In other developed countries, the market is also saturated with fast food and the population has a high proportion of overweight people. The epidemic of adult diabetes for instance is not just an american phenomena but affects almost 9% of the population of Europe. They still have a higher average life expectancy. Some would say its skewed even further because here in the US, drastic attempts to extend life are made even when quality of life is gone, whereas many european countries are more comfortable letting people go once quality of life is gone.
I think the big difference in a socialized health care system is preventative care. Here in the U.S. a lot of preventative care is not covered by insurance. If you have a high deductible, or no insurance, you don't generally even go to the doctor unless you are seriously ill. We spend most of our resources trying to treat catastrophic health problems instead of preventing them in the first place, though we are getting better.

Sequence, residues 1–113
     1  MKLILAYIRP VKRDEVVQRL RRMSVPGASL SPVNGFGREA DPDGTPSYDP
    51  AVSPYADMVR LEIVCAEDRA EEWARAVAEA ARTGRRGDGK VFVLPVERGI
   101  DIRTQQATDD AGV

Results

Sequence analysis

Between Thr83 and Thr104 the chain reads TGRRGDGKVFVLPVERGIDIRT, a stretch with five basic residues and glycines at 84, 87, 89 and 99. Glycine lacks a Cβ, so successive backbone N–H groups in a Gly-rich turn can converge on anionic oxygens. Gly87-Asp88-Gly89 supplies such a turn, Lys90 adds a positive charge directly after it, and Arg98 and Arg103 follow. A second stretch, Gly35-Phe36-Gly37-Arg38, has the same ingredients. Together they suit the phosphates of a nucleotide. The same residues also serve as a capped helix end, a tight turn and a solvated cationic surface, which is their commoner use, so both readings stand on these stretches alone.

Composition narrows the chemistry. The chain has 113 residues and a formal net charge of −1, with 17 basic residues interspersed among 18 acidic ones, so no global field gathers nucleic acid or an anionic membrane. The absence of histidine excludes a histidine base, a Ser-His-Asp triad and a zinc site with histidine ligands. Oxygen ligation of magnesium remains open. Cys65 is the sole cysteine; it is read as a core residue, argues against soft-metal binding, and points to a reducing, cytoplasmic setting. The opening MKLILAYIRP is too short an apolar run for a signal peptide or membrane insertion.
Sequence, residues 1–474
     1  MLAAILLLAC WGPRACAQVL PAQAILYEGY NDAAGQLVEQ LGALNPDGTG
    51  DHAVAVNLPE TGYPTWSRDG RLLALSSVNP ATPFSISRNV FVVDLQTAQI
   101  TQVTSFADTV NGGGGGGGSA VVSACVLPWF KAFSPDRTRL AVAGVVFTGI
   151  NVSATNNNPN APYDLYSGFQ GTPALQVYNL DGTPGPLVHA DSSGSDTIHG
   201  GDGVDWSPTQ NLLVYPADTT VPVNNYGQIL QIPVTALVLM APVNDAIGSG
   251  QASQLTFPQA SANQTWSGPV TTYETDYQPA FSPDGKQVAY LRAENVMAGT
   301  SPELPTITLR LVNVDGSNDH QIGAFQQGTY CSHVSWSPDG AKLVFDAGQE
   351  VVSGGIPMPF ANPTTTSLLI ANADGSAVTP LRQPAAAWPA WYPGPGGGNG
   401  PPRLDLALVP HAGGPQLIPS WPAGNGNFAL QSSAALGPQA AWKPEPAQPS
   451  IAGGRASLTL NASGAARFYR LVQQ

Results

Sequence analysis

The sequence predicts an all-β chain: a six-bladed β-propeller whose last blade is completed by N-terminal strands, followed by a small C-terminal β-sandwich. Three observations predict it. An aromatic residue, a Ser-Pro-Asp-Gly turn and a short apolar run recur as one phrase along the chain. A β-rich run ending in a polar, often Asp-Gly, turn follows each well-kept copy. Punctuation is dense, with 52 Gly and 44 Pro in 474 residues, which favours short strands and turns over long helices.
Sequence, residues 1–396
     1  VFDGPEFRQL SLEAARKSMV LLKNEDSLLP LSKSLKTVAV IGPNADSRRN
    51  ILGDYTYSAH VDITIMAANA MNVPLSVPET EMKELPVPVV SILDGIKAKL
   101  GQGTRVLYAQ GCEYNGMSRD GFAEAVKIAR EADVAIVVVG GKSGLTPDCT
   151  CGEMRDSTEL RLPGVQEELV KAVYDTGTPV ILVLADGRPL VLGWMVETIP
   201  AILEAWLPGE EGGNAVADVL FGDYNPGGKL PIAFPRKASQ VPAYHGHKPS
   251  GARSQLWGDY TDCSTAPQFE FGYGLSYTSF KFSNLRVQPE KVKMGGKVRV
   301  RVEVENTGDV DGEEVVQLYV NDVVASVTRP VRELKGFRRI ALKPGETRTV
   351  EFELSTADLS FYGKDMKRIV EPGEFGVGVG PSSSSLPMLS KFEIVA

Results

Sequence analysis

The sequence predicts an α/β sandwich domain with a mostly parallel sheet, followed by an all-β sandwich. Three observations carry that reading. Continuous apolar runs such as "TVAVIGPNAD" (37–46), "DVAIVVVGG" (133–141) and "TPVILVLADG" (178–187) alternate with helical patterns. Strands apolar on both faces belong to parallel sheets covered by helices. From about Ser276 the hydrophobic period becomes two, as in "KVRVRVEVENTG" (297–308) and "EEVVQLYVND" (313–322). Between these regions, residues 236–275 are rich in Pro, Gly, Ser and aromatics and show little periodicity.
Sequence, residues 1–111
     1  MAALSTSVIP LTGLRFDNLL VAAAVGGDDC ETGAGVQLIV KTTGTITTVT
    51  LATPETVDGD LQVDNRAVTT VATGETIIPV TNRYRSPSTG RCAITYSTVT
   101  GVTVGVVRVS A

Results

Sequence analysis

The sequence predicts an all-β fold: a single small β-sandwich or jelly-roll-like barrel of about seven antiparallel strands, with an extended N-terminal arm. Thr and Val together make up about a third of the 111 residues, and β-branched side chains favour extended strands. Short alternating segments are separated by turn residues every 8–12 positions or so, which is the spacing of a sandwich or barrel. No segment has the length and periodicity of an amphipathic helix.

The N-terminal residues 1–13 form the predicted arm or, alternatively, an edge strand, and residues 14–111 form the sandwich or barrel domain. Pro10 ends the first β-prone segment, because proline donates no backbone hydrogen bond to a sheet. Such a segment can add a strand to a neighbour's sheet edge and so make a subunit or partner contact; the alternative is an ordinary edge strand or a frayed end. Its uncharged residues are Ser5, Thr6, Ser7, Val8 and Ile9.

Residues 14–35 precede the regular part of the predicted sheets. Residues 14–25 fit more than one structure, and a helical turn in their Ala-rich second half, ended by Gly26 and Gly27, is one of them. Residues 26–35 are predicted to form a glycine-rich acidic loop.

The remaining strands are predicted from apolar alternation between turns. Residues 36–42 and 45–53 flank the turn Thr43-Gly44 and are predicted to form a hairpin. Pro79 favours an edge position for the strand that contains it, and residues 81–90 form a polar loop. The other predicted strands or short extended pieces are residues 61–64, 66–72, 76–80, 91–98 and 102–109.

That said, I don't see how socialized health care would work in the US without major system changes. It's an economic supply/demand issue. As big and clunky as our system is, it can hardly keep up with the patients it has now. Most adults I know have to wait at least a month (sometimes 2 or 3) to get an appointment scheduled. Opening up health care to all would result in the same thing that happened when the U.S. tried to regulate gas prices in the 1970's resulting in the oil crisis. Price fixing always results in shortages. The number of doctors and nurses in the US would have to grow dramatically before we could reasonably handles all the new patients in a reasonable amount of waiting time.